*t*,

_{P}*ρ*and

*D*are the thrust deduction factor, water density, and the diameter of propeller, respectively. Thurst deduction factor

_{P}*t*is assumed to be constant at given propeller load for simplicity.

_{P}*K*is the thurst coefficient and can be expressed as a 3

_{T}^{rd}polynomial of propeller advance ratio

*J*using Eq. (7),

_{P}*k*

_{0},

*k*

_{1},

*k*

_{2}, and

*k*

_{3}are coefficients representing

*K*.

_{T}

### 3.5 Rudder forces

Rudder force and moment can be estimated through the combination of interaction factor and rudder normal force using Eq. (8). *F _{N}* represents the rudder normal force,

*t*represents the steering resistance deduction factor, and

_{R}*a*is the rudder force increase factor, representing the additional lateral force acting on ship via steering.

_{H}*x*is the longitudinal position of rudder, and

_{R}*x*is the longitudinal acting point of the additional lateral force component.

_{H}

The rudder normal force is expressed as in Eq. (9). *A _{R}* represent the rudder area,

*Λ*represents the rudder aspect ratio, while,

*υ*, and

_{R}*u*are the lateral and longitudinal inflow velocity induced by propeller rotation to the rudder, respectively. Resultant inflow velocity to rudder

_{R}*U*can be estimated using Eq. (10).

_{R}*f*represents the rudder lift gradient coefficient.

_{α}*η*denotes the ratio of the propeller diameter to rudder span.

*κ*represents the interaction between propeller and rudder.

*∈*represents a ration of wake fraction at rudder position to that of the propeller position.

*α*denotes the effective inflow angle to a rudder.

_{R}*γ*is flow straightening coefficient,

_{R}*β*represents the effective inflow angle to rudder in maneuvering motion.

_{R}*w*represents the wake coefficient at propeller position in maneuvering motion.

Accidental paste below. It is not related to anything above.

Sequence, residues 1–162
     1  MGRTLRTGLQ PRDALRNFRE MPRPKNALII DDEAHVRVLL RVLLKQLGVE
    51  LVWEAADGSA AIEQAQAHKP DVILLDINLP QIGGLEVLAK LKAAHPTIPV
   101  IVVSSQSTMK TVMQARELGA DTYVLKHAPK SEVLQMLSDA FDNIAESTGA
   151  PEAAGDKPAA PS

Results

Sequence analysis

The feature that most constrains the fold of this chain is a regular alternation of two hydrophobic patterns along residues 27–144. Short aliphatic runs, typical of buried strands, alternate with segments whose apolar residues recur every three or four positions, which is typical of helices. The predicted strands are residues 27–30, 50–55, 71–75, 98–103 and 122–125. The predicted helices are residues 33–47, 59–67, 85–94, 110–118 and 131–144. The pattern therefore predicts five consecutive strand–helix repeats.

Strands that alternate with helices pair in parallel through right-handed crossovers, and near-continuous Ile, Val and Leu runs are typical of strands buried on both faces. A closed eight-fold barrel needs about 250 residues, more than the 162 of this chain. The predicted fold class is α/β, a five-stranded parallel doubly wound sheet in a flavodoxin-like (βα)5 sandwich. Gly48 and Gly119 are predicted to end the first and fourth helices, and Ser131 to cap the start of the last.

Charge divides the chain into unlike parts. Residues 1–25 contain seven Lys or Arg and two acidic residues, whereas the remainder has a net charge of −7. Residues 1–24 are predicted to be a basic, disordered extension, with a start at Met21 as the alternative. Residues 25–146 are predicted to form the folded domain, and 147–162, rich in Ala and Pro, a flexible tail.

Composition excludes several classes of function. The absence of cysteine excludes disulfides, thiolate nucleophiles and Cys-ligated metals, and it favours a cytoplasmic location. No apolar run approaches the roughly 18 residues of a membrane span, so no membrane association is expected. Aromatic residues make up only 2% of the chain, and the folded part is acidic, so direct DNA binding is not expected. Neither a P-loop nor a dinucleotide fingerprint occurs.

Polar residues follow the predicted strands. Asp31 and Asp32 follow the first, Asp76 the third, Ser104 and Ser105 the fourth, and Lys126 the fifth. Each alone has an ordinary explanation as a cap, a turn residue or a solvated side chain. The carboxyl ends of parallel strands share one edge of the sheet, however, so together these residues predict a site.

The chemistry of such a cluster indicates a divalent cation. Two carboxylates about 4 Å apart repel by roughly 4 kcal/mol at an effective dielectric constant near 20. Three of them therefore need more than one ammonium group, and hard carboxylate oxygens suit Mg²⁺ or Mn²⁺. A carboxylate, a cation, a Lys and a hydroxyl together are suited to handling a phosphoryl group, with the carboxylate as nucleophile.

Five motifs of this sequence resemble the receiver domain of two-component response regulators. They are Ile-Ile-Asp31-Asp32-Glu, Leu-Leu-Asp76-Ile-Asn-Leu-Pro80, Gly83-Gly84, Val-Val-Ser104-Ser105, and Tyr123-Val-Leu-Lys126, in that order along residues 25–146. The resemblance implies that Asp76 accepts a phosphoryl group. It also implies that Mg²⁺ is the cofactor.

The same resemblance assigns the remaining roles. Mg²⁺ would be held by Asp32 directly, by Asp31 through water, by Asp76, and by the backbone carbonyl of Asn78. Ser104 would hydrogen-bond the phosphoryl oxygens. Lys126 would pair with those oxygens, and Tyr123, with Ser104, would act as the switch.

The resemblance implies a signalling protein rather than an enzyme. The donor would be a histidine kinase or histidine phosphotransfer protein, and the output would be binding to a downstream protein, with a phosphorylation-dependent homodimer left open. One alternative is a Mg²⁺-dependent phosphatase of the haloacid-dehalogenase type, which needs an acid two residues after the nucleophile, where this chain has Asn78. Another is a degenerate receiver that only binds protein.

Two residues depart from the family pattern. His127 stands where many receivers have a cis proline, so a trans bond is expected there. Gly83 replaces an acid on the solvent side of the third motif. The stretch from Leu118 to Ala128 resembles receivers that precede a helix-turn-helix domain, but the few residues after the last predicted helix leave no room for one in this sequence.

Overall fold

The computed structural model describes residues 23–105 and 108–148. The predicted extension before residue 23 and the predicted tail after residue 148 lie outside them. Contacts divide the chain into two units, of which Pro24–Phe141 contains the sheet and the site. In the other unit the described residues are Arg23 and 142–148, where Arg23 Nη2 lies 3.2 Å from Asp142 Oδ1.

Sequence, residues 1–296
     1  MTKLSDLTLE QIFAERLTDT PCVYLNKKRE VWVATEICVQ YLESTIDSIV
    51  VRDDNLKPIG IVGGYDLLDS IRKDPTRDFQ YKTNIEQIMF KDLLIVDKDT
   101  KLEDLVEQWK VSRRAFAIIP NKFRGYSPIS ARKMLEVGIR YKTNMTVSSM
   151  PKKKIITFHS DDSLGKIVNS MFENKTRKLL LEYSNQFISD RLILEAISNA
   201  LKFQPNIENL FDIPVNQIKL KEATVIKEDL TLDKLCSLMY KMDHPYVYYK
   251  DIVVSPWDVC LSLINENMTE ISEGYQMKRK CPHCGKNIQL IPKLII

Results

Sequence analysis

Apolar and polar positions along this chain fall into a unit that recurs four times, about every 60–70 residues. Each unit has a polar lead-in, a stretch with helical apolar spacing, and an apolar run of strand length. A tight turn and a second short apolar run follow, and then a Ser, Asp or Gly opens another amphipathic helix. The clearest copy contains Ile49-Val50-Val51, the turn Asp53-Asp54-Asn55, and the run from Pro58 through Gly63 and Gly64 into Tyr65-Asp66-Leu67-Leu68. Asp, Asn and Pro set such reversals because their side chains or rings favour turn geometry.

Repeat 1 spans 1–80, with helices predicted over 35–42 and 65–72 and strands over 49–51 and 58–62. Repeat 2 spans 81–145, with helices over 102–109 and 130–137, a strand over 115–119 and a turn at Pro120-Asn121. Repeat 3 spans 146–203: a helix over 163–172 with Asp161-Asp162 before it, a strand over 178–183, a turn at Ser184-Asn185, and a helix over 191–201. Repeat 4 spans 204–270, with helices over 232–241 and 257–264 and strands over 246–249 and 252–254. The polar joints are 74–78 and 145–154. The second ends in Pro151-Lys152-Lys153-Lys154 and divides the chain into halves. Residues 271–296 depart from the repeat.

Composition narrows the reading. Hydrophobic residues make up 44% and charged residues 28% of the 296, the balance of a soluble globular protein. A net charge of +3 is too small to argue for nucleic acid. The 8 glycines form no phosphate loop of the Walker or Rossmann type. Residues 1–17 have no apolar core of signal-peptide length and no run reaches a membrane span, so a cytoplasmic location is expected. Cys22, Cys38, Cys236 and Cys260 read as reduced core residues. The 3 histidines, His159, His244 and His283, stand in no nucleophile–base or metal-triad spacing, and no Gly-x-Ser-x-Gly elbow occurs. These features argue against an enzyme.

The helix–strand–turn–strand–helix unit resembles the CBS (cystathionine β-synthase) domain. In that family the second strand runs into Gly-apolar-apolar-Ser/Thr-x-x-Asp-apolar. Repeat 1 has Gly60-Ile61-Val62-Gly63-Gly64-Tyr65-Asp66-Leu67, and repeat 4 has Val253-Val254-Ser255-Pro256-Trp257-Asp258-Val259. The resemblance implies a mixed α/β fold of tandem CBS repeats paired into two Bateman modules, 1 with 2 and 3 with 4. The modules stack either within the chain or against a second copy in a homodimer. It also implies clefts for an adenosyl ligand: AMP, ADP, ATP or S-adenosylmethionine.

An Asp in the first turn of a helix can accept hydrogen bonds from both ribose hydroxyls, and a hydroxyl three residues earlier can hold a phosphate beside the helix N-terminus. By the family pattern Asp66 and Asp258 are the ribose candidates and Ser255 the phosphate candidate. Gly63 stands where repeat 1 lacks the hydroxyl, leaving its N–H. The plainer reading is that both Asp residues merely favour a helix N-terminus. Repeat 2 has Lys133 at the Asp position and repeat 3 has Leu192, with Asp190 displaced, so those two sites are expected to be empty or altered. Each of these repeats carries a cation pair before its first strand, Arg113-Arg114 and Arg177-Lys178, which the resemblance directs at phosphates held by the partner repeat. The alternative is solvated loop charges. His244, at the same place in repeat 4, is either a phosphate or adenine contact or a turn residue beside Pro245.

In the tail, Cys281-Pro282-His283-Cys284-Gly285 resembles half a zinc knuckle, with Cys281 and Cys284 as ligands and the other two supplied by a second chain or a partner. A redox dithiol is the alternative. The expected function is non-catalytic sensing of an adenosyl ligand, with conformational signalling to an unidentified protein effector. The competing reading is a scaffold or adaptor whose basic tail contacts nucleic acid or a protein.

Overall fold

_{P}*l*′

_{R}is treated as an experimental constant for expressing

*υ*accurately.

_{R}

### 3.6 Sensitivity analysis

A sensitivity index for the standard maneuvering *S _{ijk}* parameter is estimated using Eq. (11).

*H*

^{*}denotes the experimental value of hydrodynamic derivatives.

*H*represents the deviated value of hydrodynamic derivative from experimentally derived value.

*R*

^{*}denotes the value of the corresponding maneuvering parameters obtained from standard maneuvering tests such as turning circle and zig-zag.

*R*represents the corresponding values of maneuvering parameters obtained from the maneuvering tests performed using

*H*.

*S*is the sensitivity index for at the

_{ijk}*i*standard maneuvering parameter for

^{th}*k*% change in the

*j*hydrodynamic derivative. The influence of hydrodynamic derivatives on the standard maneuvering test parameters like tactical diameter, transfer in the case of turning circle and first overshoot angle and time to reach 1

^{th}^{st}over shoot angle in the case of zig-zag test are considered.

## 4. Experiment

### 4.1 Experimental setup

Fig. 4 shows the real experimental setup at h/T = 1.2. In this experiment, the model was attached to the measuring device in the middle of the sub-carriage. Two load cell was used to measure the forces and moments acting on ship hull as shown in Fig. 5.